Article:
I can understand why librarians might not want to recommend The Girls. The story is gruesome. The narrator is nauseated much of the time and her nausea spills off the page.

There’s talk of making The Girls into a movie, though there already have been several films inspired by the Manson cult, including The Haunting of Sharon Tate, which was released in April 2019, and didn’t make a big splash. The second and more promising movie, Once Upon a Time in Hollywood, is scheduled for release on July 26, 2019. Quentin Tarantino directed. The cast includes Brad Pitt, Leonardo DiCaprio and Dakota Fanning, among others. The soundtrack includes songs by The Mamas & the Papas and “Brother Love’s Traveling Salvation Show” which Neil Diamond recorded in 1969.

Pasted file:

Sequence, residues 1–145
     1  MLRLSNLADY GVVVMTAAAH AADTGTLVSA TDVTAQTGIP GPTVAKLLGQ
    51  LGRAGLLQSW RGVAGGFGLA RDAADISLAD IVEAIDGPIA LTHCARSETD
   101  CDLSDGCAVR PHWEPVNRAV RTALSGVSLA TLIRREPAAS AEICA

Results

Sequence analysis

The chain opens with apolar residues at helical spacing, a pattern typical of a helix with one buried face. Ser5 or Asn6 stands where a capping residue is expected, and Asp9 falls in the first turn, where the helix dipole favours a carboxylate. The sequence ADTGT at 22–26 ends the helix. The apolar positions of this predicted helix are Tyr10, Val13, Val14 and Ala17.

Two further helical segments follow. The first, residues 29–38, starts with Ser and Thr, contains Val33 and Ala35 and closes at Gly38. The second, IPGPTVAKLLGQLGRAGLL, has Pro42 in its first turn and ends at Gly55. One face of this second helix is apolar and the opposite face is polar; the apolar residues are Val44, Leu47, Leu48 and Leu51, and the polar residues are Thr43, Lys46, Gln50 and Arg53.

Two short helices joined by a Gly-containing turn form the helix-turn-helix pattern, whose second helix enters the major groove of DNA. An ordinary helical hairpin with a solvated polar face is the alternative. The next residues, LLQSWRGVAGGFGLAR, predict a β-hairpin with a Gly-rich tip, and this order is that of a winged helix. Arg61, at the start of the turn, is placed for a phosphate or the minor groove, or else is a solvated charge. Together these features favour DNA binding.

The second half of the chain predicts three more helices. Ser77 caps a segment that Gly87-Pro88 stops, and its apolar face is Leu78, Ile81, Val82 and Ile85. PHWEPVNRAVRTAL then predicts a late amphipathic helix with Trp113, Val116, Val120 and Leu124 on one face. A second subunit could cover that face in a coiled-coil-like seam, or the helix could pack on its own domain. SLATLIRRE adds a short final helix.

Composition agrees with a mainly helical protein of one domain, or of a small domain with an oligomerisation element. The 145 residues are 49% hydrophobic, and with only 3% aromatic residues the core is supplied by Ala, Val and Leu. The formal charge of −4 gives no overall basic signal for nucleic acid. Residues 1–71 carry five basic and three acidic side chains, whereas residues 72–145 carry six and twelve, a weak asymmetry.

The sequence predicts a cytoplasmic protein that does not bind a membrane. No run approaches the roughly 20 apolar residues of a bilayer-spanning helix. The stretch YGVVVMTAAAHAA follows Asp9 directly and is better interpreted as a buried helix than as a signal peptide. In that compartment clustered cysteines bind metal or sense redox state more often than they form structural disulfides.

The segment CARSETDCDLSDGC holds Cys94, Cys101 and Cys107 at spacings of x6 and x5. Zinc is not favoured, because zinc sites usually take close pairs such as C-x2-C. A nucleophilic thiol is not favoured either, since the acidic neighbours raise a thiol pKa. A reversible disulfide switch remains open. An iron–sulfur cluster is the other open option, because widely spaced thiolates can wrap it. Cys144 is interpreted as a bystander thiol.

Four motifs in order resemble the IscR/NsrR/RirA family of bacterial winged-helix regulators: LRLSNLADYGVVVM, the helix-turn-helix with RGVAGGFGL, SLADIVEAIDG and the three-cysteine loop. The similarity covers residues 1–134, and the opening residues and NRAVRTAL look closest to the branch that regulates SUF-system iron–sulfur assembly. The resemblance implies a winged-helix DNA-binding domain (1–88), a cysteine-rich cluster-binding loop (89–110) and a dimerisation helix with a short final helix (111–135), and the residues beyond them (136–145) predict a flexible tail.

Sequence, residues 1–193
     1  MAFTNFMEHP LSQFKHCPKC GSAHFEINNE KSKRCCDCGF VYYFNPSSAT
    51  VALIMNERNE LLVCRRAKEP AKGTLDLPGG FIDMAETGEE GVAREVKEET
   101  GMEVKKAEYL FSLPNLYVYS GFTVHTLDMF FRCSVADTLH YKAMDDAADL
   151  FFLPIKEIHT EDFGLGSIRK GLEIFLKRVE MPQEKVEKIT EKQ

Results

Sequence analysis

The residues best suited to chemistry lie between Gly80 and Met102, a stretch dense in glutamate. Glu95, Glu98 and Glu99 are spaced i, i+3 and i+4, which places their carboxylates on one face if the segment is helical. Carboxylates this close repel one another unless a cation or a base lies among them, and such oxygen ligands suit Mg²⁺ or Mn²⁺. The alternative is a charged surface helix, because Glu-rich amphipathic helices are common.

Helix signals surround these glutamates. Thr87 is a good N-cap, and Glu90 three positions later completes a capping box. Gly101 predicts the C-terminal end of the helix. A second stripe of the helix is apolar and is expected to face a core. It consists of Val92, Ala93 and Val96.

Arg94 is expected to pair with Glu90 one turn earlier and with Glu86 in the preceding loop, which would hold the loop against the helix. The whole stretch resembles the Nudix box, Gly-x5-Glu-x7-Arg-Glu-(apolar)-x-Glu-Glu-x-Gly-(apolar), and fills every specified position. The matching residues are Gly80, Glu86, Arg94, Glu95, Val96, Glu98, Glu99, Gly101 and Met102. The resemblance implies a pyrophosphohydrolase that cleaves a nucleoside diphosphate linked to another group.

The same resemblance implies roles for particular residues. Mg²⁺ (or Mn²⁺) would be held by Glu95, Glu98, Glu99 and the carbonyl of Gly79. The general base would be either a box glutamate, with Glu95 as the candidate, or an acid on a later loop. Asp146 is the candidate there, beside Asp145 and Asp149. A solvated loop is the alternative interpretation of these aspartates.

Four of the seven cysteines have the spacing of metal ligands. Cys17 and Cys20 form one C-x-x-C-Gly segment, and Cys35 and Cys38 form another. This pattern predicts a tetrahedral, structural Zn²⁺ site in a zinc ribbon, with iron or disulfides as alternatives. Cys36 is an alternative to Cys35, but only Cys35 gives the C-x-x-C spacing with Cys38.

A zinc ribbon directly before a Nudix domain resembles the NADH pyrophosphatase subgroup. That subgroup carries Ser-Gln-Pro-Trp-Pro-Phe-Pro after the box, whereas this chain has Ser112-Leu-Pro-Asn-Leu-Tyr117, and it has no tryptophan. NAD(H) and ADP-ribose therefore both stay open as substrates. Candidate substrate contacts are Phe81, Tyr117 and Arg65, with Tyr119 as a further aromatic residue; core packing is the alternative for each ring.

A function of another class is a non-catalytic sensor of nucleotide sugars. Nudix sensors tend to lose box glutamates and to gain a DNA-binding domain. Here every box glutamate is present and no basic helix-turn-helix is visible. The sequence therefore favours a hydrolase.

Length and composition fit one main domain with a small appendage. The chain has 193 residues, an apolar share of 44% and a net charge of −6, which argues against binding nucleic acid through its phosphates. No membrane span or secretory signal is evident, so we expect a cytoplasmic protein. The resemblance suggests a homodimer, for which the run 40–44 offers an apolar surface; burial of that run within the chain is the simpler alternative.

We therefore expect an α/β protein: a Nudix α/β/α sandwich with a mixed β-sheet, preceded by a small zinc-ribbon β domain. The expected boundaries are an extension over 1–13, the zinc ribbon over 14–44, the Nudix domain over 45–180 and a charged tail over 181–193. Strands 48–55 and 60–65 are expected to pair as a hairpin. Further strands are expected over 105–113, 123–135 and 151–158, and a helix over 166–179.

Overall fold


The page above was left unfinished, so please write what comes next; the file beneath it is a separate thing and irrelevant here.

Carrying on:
You could avoid Tarantino’s movie, stay home, play rock ‘n’ roll from 1969, and read Emma Cline’s The Girls. Or maybe watch Woodstock, the 1970 documentary directed by Michael Wadleigh, starring Joan Baez, Joe Cocker, The Who, and a cast of thousands who gathered for peace and love and music.

One Response to "1969 & All That Weird Stuff"

  1. Pat Kittle   June 20, 2019 at 6:39 pm

    Typical anti-White propaganda from an anti-White:

    “…at Altamont; audience numbered 300,000 and an African American man was stabbed to death while people stood by, watched and did nothing.”

    Minor detail — he was stabbed to death AFTER he pulled a gun (a curious item to bring to a Peace-&-Love ’60’s rock festival).

    BTW, most people there didn’t even know it happened at the time. I didn’t, and I was there.

    Reply